volume one hundred and seventeen
to the men who raised me, comedically
📍Written from Australia, in a room that is mentioned a lot in this volume, with the sound of the morning birds being picked up in my microphone and landing in my headphones at a loud morning song volume.
I am probably seven or eight years old and sitting on the lounge that folds out into my bed each night in my home away from home. The small television in the corner, with its rounded screen, click-knobs to change the channel and non-existent remote control faces on a diagonal towards us. My sisters are on either side of me and our knees are tucked under our chins with our arms wrapped around them holding them tight. Tears stream down our faces and onto our pyjamas as we squirm in our place, trying to wrap our legs one around the other like spaghetti to hold it all in, to hold it all together, to make sure we do not wet our pants.
We have forgotten the mini cereal boxes that we fought over that morning, all wanting Coco Pops and there only being two and that being a cereal we never saw in our usual home. We are no longer concerned with their little cardboard doors that open in our imagination to be Barbie wardrobes. We no longer care that we had to leave the beach earlier before we were ready or that we had to wash the sand off us in the yard with the cold hose before being allowed in the house and straight to the shower. We aren’t fussed at all anymore that dessert wasn’t allowed unless we finished our dinner.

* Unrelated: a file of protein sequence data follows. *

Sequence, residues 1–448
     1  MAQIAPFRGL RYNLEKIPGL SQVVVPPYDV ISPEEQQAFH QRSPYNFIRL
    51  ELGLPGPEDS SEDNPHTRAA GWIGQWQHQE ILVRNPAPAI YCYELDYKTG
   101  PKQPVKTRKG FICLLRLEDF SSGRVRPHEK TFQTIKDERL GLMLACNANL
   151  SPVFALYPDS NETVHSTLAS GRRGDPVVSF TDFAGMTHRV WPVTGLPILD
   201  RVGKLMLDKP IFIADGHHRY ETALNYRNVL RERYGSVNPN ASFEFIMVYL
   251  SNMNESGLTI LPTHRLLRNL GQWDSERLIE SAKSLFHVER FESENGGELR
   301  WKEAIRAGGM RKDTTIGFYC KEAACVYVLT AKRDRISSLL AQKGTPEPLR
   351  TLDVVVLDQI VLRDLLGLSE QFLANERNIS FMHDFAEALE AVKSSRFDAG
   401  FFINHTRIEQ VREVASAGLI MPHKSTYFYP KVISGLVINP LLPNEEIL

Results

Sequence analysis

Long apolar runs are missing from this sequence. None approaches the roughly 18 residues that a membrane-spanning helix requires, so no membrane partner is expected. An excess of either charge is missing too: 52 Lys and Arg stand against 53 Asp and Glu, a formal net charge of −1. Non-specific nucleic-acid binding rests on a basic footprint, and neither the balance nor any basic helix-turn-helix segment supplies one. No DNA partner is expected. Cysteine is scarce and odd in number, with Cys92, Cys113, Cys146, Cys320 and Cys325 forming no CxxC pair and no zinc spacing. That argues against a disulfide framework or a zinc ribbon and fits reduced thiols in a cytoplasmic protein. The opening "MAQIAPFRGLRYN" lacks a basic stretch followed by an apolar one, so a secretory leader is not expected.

All of that is because Billy Maddison is on the television and we are laughing so hard we are unable to contain ourselves. We have never known humour like this, we have never known laughter to this extent, we have never known silliness to exist in adults on this level, like it does in our minds still untouched and unchanged, ready to play at any opportunity.
Every time an ad break comes on we are desperate for it to be over, wishing the movie to come back so we can enter a place of utter joy and ecstasy. Additionally, every time an ad break comes on, we fight for the bathroom, while simultaneously unable to peel ourselves out of position in case our tiny bladders let go before we are ready.